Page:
Should you Add an Associate to Your Dental Practice?

Should you Add an Associate to Your Dental Practice?

Adding an associate to your practice is a big decision. If it’s successful it can bring huge benefits to the practice, but if it’s not successful it can add stress and potentially damage the practice. Along with added pressure there is a potential for decline in your income if things don’t go well. We have seen many problems when Dentists add associates and aren’t well prepared, when they have not thought through all of the issues and planned for success. You make treatment plans for your patients every day, do you have a treatment plan for adding an associate to your practice? We suggest that you create an Associate Plan prior to bringing on an associate. We have created some questions and suggestions to shape your thinking about adding an associate with the thought that this dialogue can lead to increasing the probability of success. This can serve as the start of your Associate Plan: Are you tracking referrals? You should know the potential annual collections you might keep in house with the right Associate. Your dental software will allow you to post referrals and types of referrals. This can be a source of valuable data as you consider the right time to bring on an Associate. Is your schedule full? If not, how do you expect to keep another dentist busy? Will you do more internal and external marketing? Do you have a clear path to adding new patients? How many hygienists do you have and what is your patient retention percentage? We like to see retention at a minimum of 85%. So, if you have 1,500 active...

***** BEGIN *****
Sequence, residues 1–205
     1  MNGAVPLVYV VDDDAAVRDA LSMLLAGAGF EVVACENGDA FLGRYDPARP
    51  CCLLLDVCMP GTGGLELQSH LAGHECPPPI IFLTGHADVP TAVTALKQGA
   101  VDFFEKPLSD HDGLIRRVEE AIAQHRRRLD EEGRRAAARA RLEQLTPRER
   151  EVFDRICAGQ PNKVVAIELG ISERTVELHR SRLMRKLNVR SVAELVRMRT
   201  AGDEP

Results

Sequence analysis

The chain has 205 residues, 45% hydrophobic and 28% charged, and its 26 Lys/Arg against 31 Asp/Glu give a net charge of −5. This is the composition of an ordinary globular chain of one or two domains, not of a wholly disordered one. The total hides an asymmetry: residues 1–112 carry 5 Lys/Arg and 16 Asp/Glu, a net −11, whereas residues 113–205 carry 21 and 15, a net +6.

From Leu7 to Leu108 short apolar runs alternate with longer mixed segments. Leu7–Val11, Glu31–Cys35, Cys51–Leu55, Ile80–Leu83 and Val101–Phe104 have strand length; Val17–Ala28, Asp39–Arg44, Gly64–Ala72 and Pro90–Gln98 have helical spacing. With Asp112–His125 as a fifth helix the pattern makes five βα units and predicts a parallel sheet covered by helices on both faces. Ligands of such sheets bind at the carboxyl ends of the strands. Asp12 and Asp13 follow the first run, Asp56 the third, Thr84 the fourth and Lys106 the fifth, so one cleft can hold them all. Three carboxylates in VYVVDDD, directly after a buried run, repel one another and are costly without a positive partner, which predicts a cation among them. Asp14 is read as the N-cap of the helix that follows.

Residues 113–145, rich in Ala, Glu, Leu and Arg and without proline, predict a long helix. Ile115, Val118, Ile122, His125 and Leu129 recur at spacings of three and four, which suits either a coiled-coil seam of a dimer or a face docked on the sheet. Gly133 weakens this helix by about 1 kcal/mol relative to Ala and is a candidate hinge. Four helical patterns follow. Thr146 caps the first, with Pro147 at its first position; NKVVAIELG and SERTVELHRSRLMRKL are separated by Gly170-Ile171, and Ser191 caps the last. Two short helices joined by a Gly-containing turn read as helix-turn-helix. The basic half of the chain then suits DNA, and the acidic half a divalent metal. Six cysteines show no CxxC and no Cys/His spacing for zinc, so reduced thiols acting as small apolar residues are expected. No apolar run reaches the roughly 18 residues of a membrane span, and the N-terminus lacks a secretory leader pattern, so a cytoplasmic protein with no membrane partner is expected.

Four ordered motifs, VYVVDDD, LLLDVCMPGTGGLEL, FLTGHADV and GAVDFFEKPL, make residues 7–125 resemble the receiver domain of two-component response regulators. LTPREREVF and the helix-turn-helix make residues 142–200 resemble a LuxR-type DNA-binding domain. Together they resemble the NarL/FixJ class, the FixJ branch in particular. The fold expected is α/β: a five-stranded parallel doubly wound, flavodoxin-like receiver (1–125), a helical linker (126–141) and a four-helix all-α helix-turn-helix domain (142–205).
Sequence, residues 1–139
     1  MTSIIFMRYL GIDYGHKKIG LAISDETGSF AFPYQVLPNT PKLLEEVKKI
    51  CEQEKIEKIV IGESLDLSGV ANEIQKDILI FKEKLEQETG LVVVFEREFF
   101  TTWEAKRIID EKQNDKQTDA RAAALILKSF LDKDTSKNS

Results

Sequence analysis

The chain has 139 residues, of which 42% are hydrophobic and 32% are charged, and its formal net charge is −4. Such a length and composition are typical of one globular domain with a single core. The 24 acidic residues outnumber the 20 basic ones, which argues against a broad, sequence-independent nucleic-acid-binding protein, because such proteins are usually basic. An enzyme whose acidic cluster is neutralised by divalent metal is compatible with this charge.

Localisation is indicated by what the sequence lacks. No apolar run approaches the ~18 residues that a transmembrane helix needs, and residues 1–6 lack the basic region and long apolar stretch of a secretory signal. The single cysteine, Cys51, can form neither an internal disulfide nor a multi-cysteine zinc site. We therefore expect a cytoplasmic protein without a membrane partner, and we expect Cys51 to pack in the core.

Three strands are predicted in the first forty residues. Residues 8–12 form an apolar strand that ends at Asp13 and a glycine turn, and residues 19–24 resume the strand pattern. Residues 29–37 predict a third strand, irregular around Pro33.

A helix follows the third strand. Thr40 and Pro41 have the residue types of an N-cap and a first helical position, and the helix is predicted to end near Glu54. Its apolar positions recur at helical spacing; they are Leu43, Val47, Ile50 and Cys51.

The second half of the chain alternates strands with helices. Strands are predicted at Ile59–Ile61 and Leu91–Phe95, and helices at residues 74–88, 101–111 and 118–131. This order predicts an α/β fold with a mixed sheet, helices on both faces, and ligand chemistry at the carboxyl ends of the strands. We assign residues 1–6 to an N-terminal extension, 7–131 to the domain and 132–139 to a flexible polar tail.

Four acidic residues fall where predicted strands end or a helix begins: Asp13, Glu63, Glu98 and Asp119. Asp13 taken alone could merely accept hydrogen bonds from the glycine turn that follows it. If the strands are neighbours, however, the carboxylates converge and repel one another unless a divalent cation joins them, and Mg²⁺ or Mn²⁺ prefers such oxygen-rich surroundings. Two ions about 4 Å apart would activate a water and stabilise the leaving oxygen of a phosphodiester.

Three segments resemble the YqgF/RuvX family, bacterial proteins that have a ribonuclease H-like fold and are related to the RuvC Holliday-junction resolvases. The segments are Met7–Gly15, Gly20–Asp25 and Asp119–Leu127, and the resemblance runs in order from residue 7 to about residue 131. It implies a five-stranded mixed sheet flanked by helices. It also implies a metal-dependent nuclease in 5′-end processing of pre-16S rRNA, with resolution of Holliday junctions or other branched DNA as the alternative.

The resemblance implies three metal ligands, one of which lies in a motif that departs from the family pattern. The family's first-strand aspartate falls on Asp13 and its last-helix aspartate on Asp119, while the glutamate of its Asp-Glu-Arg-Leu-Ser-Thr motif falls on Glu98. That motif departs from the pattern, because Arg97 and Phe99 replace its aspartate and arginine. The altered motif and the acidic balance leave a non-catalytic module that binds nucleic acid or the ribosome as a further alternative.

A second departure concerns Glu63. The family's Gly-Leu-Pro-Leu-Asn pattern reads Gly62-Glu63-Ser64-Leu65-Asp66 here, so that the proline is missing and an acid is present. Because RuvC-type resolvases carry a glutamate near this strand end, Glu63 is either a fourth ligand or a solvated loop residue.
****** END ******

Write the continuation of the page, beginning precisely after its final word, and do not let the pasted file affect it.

Dental Practice Lifecycle: The Developing Stage